3 Identifying and involving stakeholders in a project
For every project, there will be a range of individuals or groups who have an interest in the different stages of the project. It could be the end users of an IT system, the line managers who will be expected to lead a restructuring initiative throughout the organisation, or the marketing department which will promote a new product. The support of these stakeholders is essential, if the project is to succeed. Therefore a key responsibility of the project manager will be to identify these stakeholders at an early stage of the project, anticipate their responses to it, and gain and maintain their support. Their involvement can be important to the project's success or failure, as illustrated in the following example.
Lives freed by water on tap
The British charity WaterAid co-operates with communities and non-governmental organisations to install and maintain simple water systems in developing countries. It began working with Ethiopian organisations in 1991 to devise water-provision schemes for areas of the country worst affected by shortages. Employing a philosophy of community empowerment and relying almost entirely on the skills and knowledge of local staff, WaterAid has provided funds for seven projects serving some 285,000 people.
Completed in 1994, the Hitosa project is one of WaterAid's more ambitious supply schemes, which it has carried out in conjunction with its local partner WaterAction. The project, involving 75 miles of piping carrying water by gravity from a mountain spring, cost only £10 per beneficiary, but has dramatically improved the lives of those whom it serves. Until the project was completed, Ayelu Nagash spent five hours every day walking to and from the nearest water source. ‘I had to make do with whatever I could carry, which was about 25 litres. Now I have an unlimited supply five minutes’ walk from my home,’ she said.
‘Our developmental philosophy is based on community empowerment,’ said Girma Mengistu, director of WaterAction. ‘We ask each household to contribute £5 toward the project and try to involve the community from the start.’ The communities also provide labour for trench digging and pipe laying.
Eighty per cent of the funding for the Hitosa project came from WaterAid, three per cent from the Ethiopian government and the remainder from the communities that benefit from it. Once the projects are completed, a nominal charge is levied for the water, the proceeds of which are sufficient to maintain the scheme. ‘Community involvement is the key to the success of our projects,’ said Mengistu.
It may not be immediately obvious who are the project stakeholders and what are their interests. For example, for non-governmental organisations (NGOs) like WaterAid, a key group of stakeholders is those people who benefit from the aid that the NGO provides. As the extract suggests, involving the beneficiaries in a project means empowering them so that they can be involved in determining the outcome of the project (for example, where a well or a water pump might most usefully be sited), so that they can get the most benefit from it.
To identify the stakeholders in a project and how their interests might best be managed, a stakeholder analysis is carried out. This will enable the project manager to anticipate potential points of resistance, as well as would-be allies and champions for the project. The first step in this process is to identify the project stakeholders. This can be done by preparing a stakeholder map – a diagram showing the main stakeholders likely to need attention. Next, their interests must be identified. Finally, the project manager together with other members of project team should generate ideas on how best to manage the stakeholders, given their interests.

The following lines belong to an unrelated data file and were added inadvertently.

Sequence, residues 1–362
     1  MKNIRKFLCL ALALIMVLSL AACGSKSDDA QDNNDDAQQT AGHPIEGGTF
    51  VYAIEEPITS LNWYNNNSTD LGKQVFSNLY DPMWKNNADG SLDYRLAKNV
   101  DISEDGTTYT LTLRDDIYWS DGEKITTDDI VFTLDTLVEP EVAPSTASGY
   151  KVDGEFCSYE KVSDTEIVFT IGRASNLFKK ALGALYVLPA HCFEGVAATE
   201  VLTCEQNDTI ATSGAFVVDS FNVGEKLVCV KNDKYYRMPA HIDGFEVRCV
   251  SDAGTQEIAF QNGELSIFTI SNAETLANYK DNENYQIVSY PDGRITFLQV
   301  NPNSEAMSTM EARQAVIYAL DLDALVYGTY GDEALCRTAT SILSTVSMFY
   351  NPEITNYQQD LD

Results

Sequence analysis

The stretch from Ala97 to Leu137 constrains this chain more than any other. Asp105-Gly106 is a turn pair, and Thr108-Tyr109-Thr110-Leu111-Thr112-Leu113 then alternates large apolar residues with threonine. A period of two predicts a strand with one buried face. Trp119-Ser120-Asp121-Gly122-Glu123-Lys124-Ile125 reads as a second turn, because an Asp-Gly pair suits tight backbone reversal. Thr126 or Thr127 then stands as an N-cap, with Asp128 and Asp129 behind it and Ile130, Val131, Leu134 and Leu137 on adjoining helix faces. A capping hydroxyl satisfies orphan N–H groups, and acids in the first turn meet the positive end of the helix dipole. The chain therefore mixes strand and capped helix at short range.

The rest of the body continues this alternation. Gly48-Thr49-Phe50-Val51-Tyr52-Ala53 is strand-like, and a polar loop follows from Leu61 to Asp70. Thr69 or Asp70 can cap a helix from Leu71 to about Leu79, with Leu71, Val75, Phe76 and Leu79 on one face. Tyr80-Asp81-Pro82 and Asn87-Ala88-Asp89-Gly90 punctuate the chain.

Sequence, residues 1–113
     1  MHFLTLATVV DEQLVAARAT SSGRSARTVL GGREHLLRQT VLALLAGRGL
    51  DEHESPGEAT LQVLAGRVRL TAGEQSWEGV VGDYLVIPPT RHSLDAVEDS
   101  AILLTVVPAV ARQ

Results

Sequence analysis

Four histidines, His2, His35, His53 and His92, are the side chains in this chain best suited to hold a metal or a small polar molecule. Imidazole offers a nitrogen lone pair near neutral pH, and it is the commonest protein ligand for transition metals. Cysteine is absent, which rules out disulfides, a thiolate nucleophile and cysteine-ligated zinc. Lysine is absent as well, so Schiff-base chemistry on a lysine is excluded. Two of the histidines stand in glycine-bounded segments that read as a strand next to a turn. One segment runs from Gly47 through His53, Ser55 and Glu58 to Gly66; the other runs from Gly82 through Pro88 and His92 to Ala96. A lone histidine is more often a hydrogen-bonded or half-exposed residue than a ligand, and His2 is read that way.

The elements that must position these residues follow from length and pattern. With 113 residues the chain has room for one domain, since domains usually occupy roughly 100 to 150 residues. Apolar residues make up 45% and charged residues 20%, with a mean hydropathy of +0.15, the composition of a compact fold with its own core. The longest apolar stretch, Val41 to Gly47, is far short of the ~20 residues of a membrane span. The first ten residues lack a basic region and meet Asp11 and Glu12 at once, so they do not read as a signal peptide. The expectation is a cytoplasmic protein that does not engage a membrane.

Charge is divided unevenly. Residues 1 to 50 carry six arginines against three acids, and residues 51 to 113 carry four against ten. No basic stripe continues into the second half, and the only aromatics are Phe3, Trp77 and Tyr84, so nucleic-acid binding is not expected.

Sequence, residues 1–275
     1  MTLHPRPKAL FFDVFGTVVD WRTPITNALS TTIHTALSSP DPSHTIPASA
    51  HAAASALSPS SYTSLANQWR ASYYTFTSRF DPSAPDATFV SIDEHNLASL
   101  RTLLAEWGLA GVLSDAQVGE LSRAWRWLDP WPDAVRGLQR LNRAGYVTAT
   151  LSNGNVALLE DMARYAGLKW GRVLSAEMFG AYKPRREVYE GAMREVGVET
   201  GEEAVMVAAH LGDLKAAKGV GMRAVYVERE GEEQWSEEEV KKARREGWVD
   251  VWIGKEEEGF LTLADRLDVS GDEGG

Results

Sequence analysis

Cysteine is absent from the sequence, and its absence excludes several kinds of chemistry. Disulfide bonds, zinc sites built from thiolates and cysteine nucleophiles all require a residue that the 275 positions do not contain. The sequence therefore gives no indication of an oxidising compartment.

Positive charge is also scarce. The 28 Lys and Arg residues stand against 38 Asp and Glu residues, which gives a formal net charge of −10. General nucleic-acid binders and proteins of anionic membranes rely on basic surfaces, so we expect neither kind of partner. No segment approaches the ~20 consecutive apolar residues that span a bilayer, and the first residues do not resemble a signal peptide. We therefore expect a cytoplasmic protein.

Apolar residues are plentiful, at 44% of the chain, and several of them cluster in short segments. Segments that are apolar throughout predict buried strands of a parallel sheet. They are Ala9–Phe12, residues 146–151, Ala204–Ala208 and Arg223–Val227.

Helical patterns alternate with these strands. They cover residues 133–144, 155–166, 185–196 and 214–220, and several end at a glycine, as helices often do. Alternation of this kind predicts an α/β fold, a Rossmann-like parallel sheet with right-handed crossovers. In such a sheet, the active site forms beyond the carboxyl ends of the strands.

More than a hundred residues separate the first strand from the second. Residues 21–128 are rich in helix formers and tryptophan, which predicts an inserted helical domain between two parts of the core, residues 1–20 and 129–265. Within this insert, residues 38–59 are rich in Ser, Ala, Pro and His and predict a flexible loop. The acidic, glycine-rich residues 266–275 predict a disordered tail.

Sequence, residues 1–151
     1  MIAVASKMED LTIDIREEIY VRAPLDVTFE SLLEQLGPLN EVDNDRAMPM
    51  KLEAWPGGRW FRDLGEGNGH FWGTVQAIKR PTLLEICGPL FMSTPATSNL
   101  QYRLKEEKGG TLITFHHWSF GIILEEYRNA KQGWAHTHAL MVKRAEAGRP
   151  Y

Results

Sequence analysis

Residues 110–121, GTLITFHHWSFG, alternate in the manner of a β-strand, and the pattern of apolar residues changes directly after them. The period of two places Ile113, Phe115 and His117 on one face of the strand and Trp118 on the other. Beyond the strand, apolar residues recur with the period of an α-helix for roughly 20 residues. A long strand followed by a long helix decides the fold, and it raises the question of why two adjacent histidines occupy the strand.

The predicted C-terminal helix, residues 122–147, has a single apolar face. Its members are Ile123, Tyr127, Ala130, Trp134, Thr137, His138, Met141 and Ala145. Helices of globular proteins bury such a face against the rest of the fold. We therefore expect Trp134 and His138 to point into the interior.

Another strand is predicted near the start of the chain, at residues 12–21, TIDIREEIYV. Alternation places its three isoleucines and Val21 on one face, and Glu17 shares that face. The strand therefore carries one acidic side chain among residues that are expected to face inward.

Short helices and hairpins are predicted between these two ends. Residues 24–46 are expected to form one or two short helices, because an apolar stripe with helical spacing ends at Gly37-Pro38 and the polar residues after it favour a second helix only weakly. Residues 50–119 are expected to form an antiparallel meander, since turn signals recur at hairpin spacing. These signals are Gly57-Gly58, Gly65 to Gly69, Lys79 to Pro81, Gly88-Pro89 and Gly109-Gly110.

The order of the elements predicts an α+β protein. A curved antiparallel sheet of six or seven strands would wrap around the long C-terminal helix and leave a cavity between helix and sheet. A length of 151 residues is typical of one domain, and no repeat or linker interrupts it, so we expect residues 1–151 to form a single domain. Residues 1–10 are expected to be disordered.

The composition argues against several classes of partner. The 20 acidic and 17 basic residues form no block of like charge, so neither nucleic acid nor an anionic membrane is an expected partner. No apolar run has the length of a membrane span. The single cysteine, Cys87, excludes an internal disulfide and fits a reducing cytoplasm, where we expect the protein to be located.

Activity 2: Preparing a stakeholder map
You will need a piece of paper to complete this exercise
Write the name of a project you have been involved with or which has taken place where you work in the centre of the paper.
Then around the project name write the names of individuals or groups whom you believe have or had a stake in this project.
Put the most important nearest the centre.
Now, for each stakeholder individual and group, identify the following:
What are their priorities, goals and interests?
What specific behaviour is expected of them in relation to the project?
What are their likely reactions to the project?
How can their support be gained?
The kinds of individual and group you are likely to have included in your stakeholder map are members of the project team, senior managers, colleagues in various parts of your organisation who have an interest in the project, staff in your organisation who are affected by its outcome and people in other organisations who contributed to or benefited from the project. You will probably have noted that many of their interests apparently conflict, e.g. in terms of what they want from the project, which complicates the business of securing their support. However, by identifying them on a stakeholder map, you can begin to formulate a strategy to achieve this – the stakeholder map provides a basis for managing everyone with an interest in a project. You will need to consider what relationships exist between the different stakeholders, since they may have to work together during the project or be likely to react to or influence each other's experience of the project. It is also important to realise that not all potential stakeholders are obvious at the beginning of the project; some may emerge as the project develops and they realise that their interests could be affected by its outcome. Stakeholder analysis therefore should also take into consideration the attitudes and actions of stakeholders at different phases of the project.